The recently released Microsoft Visual Studio 2010 does not support mobile development for OS versions prior to the new Windows Phone 7. If you want to write software for Windows Mobile 6.5 or lower, you need to stick to Visual Studio 2005. So much for backward compatibility.
Apple has recently announced the long anticipated release 4.0 of their iPhone OS. The list of new end-user features is disappointingly short - the main item seems to be the addition of some GUI multitasking. Many important, easy to add and practical features, already found in the "jailbreak" versions are not mentioned. It is a pity Apple has such tight control on their product and that it takes so long to release productivity related features to the market. I am pretty confident than in a few years they will be punished by other players on the market.
WPF is a very powerful framework for GUI development. Among other things, it contains a unified approach to user input validation. Adding validation in WPF is very straightforward in most cases. However, validating DataGrid rows is slightly challenging. However, the good people of the world has already taken care of the problem and provided quite detailed walk-throughs. I recommend reading this interesting article (WPF DataGrid Practical Examples) about WPF DataGrid.
Monitoring text log files is quite important activity in our day to day programming lives. Unfortunately, Windows operating system does not include convenient tools to perform the task by default. Nothing comparing to
tail -f or GNU
less is deployed with an installation of the OS from Redmond. Luckily, some free alternatives are available on the Internet.
WPF is still relatively new and many developers are only scratching the surface of its abilities. Coming from a different framework, one must learn anew how to do the familiar tasks. Sometimes you need to to trigger a click or some other event for one of your WPF controls, such as a button, a menu or a checkbox, directly from code. There are no methods on the controls to invoke these events explicitly.
This is most certainly not the recommended way of implementing QuickSort, it assumes there are no duplicates, but it should work:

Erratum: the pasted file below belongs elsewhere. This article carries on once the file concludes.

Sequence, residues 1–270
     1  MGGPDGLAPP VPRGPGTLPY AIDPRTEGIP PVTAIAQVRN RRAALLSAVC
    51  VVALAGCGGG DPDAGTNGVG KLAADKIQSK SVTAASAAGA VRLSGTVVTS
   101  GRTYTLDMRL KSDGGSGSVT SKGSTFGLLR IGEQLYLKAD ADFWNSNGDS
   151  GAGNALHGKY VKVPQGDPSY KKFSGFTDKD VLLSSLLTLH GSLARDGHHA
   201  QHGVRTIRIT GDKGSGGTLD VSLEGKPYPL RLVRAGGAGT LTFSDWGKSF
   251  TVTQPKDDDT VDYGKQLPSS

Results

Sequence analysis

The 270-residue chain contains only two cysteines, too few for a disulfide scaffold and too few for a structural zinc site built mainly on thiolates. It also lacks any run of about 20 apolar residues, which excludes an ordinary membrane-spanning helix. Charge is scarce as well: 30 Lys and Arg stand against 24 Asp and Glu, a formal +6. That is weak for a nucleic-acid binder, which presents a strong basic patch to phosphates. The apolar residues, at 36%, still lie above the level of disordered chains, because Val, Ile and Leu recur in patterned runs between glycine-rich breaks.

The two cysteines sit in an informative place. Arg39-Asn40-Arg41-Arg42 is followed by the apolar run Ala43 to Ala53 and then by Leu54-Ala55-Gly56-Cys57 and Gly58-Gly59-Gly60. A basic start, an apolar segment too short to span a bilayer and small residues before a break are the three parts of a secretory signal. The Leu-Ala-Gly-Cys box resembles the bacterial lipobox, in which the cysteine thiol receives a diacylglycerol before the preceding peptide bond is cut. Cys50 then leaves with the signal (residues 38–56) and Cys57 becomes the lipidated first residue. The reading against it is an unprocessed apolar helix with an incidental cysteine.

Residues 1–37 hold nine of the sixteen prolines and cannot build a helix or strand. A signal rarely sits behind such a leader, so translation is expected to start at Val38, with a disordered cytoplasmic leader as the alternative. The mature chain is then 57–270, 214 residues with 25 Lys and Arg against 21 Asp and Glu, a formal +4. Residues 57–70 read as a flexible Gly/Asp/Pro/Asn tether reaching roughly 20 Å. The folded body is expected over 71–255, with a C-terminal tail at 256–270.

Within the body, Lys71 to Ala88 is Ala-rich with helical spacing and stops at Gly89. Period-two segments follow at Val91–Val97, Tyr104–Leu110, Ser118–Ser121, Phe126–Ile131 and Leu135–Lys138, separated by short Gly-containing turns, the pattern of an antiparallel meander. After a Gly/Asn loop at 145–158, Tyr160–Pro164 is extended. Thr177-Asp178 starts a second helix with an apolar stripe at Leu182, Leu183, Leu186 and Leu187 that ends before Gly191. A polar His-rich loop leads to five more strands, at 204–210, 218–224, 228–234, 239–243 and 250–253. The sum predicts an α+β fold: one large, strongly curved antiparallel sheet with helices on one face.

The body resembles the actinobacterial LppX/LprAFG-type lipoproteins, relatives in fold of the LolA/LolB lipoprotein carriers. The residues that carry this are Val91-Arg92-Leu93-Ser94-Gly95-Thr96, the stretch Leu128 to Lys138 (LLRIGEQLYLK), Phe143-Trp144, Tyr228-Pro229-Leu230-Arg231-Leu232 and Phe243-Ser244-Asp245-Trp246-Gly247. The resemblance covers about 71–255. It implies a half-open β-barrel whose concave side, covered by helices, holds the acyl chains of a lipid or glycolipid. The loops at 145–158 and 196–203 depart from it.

private IList<int> sort(IList<int> a)
if (a.Count <= 1)
I have recently installed Fedora Core 12 on my server box. It was an upgrade from Fedora Core 9 and I had to do an intermediate upgrade from 9 to 10, since direct transition from 9 to 12 is not supported. Aside from this small annoyance the process went through very smoothly. It looks like Fedora Core 12 supports an "in place" upgrade mode, similar to recent version of Ubuntu. That means that a new release of the system comes out, you don't need to create the upgrade media (DVD or a USB image), but can upgrade directly via your current session.
With arrival of WPF the usage of
INotifyPropertyChanged interface has expanded dramatically. The most annoying and dangerous part of implementing the interface is, obviously the fact, that you have to pass your option names as strings. This leaves your code prone to bugs - if in 3 months time you rename one of the properties, there is very good chance that you will forget to update the string name as well. In order to overcome the problem we can use some reflection and a little bit of boiler plate code. The good people of the Internet have done all the work for us already, so just copy, paste and enjoy!
Serialization in .NET world is not straightforward. For years we've been told to use
XmlSerializer, but it has its limitations. It is unable to serialize anything but the public properties/fields, it cannot deal with interfaces in most of the circumstances (specific collection interfaces being the only notable exception) etc.
It is nice to be able to blog about software. For instance, a few years ago I wrote an article about web development using C++. I still get a comment or two about it almost every week, despite the fact that not a single line of code has been written for the project, unfortunately. However, if I ever took the initiative and started working on it, I would, no doubt, write some interesting progress reports here as well. As things go, it would be very neat to show off some code in the process.